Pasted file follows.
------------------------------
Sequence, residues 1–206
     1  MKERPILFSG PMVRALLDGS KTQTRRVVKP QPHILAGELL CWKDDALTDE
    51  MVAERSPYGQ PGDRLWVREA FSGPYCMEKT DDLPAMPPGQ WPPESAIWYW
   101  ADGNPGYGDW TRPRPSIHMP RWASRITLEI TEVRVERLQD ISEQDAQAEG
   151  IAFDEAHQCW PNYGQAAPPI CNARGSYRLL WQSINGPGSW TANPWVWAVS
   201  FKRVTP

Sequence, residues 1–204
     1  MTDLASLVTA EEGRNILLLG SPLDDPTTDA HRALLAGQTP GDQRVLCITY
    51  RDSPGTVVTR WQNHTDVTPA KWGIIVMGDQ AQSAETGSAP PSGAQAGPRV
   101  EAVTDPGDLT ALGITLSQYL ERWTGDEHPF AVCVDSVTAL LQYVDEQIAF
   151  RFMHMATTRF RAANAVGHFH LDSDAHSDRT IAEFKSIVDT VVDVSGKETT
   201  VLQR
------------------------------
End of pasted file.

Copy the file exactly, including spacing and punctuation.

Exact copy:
Sequence, residues 1–206
     1  MKERPILFSG PMVRALLDGS KTQTRRVVKP QPHILAGELL CWKDDALTDE
    51  MVAERSPYGQ PGDRLWVREA FSGPYCMEKT DDLPAMPPGQ WPPESAIWYW
   101  ADGNPGYGDW TRPRPSIHMP RWASRITLEI TEVRVERLQD ISEQDAQAEG
   151  IAFDEAHQCW PNYGQAAPPI CNARGSYRLL WQSINGPGSW TANPWVWAVS
   201  FKRVTP

Sequence, residues 1–204
     1  MTDLASLVTA EEGRNILLLG SPLDDPTTDA HRALLAGQTP GDQRVLCITY
    51  RDSPGTVVTR WQNHTDVTPA KWGIIVMGDQ AQSAETGSAP PSGAQAGPRV
   101  EAVTDPGDLT ALGITLSQYL ERWTGDEHPF AVCVDSVTAL LQYVDEQIAF
   151  RFMHMATTRF RAANAVGHFH LDSDAHSDRT IAEFKSIVDT VVDVSGKETT
   201  VLQR